I know Zagorski wants to experiment. But I also hope he waits a while before unleashing the Mr. Science kit in his cellar to deconstruct terrines into nine little piles on a plate or mentholate all his herbs. Such tricks can be fun, but are never the true measure of a chef.
The real value and potential at Hickory Lane — and one he's certainly already begun to explore with partners Jack Henderson, Amy Mahoney, and Jim Kernaghan — is the transformation of this 47-seat space into a sophisticated neighborhood bistro where great ingredients are cast into sensible, if familiar, combinations that are served with style and consistency.
The former L'Oca space has never been more handsome, the spare corner room, with its bustling open kitchen and exposed-metal air ducts, warmed by eggplant-colored trim near the floor-to-ceiling windows and a wall of multicolored and fluttering ribbons.
Some of that area will be swallowed by a new bar once the anticipated liquor license is in place this summer. Hopefully by then, they'll have some ice cubes, which were noticeably absent when my mixologist pal Gene showed up with all his cocktail fixings but found no ice to shake or stir.
Warm BYO cocktails in hand, we nonetheless found plenty on the menu to distract us. Good, plump mussels came steamed in a classic garlicky brew of fennel, wine, and butter. The chef's salad of peppery arugula greens was topped with a hearty shred of good saucisson sec, house-roasted turkey, and tangy, firm cheese. And then there was the steak tartare, a wonderful dice of organic Montana filet tossed with sherry vinegar, capers, and truffle puree. It would have been perfect had the dark puree not turned the meat a strange gray, instead of the ruby hue that always gives raw beef its primal allure.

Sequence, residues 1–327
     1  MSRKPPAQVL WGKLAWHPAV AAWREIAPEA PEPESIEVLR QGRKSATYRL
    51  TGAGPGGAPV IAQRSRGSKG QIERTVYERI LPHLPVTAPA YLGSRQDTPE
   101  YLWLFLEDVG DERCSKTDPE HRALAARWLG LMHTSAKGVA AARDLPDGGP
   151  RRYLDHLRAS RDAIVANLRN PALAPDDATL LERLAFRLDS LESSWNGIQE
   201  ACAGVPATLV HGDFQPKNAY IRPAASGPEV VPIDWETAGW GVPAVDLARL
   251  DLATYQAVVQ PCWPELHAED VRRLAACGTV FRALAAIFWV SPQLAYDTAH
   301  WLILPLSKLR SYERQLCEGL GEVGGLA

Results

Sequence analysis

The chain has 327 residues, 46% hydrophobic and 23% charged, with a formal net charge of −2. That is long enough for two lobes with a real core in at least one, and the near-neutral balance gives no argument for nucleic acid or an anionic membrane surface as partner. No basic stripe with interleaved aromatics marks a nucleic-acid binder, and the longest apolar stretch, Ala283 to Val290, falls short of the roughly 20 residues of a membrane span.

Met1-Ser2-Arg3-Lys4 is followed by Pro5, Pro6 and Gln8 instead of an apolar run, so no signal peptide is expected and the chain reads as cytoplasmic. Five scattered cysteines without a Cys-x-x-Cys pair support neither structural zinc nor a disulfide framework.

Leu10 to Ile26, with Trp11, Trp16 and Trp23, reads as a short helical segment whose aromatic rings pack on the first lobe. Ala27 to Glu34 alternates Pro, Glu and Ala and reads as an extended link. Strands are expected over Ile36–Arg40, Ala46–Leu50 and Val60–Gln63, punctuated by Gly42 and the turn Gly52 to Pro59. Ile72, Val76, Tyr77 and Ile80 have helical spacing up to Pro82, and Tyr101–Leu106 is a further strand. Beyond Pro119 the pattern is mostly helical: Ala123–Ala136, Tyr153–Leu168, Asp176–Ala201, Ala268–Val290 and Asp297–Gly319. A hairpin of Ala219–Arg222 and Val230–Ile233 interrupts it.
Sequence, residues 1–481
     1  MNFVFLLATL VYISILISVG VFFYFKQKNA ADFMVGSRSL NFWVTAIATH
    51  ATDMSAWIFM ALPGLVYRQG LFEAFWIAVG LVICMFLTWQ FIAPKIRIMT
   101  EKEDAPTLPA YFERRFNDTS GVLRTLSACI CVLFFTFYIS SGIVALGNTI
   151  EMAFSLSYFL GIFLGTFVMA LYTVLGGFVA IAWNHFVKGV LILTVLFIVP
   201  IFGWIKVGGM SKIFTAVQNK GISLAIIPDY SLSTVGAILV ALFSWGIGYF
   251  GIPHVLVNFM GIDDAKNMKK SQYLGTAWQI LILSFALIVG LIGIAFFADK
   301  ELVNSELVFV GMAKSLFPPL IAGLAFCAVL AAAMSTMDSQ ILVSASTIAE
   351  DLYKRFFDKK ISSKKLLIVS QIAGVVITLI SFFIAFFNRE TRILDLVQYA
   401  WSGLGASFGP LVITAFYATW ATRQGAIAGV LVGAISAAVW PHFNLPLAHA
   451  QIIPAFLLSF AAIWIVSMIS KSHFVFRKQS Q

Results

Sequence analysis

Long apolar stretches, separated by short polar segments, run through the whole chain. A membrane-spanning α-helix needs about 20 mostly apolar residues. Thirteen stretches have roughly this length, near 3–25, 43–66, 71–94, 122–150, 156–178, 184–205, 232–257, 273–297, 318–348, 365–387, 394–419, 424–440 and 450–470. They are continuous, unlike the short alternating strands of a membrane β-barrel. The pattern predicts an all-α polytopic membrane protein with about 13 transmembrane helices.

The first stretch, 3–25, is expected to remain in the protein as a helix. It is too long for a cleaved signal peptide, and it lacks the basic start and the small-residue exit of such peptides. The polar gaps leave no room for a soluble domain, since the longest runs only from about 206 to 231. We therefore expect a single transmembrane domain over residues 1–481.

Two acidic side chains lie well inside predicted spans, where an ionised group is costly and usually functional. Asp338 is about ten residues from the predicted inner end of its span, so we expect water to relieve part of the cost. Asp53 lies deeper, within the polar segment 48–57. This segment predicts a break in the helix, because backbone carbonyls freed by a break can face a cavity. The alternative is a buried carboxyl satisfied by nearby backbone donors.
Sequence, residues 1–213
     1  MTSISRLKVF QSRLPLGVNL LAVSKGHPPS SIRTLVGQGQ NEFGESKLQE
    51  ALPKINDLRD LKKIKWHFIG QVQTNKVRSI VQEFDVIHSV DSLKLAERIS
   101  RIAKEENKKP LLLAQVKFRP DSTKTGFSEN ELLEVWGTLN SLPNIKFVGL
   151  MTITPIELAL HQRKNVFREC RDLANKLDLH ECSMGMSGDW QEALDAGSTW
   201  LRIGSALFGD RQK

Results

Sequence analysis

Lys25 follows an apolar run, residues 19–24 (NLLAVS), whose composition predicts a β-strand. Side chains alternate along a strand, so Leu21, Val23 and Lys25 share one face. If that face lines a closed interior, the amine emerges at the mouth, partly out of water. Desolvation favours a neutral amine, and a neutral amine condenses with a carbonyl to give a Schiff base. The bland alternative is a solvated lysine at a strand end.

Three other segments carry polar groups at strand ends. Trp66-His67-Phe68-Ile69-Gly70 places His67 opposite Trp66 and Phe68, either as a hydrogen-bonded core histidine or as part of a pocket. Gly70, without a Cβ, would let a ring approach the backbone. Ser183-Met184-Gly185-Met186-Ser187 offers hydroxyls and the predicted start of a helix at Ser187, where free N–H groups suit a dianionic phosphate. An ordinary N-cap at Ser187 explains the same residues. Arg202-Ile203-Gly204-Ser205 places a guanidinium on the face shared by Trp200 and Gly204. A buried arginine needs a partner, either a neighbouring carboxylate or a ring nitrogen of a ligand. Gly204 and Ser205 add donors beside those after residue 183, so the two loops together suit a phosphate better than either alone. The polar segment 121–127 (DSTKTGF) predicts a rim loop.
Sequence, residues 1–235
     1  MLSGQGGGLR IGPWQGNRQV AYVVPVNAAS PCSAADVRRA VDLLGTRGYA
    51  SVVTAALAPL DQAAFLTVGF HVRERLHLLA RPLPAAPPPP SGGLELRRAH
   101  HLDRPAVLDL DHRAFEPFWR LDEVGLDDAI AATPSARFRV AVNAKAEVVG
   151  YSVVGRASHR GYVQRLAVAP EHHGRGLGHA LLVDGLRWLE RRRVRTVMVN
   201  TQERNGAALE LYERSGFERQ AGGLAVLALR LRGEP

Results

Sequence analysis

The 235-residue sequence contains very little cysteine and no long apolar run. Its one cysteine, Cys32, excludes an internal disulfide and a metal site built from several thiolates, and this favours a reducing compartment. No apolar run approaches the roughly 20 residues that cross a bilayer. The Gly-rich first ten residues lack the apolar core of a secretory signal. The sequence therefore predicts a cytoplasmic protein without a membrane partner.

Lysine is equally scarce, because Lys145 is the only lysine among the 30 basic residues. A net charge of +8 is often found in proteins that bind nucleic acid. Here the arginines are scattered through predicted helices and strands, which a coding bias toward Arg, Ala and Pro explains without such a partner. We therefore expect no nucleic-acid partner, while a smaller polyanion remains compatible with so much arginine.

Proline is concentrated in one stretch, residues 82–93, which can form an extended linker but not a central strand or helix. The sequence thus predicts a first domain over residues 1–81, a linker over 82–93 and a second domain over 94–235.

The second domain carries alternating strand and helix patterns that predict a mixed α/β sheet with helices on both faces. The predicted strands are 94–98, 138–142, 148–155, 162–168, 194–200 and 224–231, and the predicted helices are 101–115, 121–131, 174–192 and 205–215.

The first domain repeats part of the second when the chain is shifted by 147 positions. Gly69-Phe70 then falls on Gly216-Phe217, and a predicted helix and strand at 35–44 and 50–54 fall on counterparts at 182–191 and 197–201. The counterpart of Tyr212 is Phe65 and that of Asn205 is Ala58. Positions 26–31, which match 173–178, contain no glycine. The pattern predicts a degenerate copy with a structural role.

I did not love the white asparagus soup, whose creamy puree was overwhelmed with garlic. A gratin of cauliflower was cooked to mush and drowned in too much cream and cheese (just 'cause it's a "gratin" doesn't mean it can't have texture). But it was overall a solid and satisfying beginning, not unlike the appetizer course at my earlier visit.
Perfectly seared scallops came medium rare over silky turnip puree and diced squash, which offered nice textural contrast. Oysters fried in a micro-thin cornmeal crust were perched atop a deceptively spicy rémoulade. I would have preferred the somewhat predictable tuna tartare (tossed in Asian ponzu) if I hadn't needed to chew through a hedgerow of microgreens to taste the fish. But the top-grade quality of the fish was clear. I even enjoyed the gazpacho, perfectly tanged with sherry vinegar and well-infused herbs, despite the fact that it was completely out of season.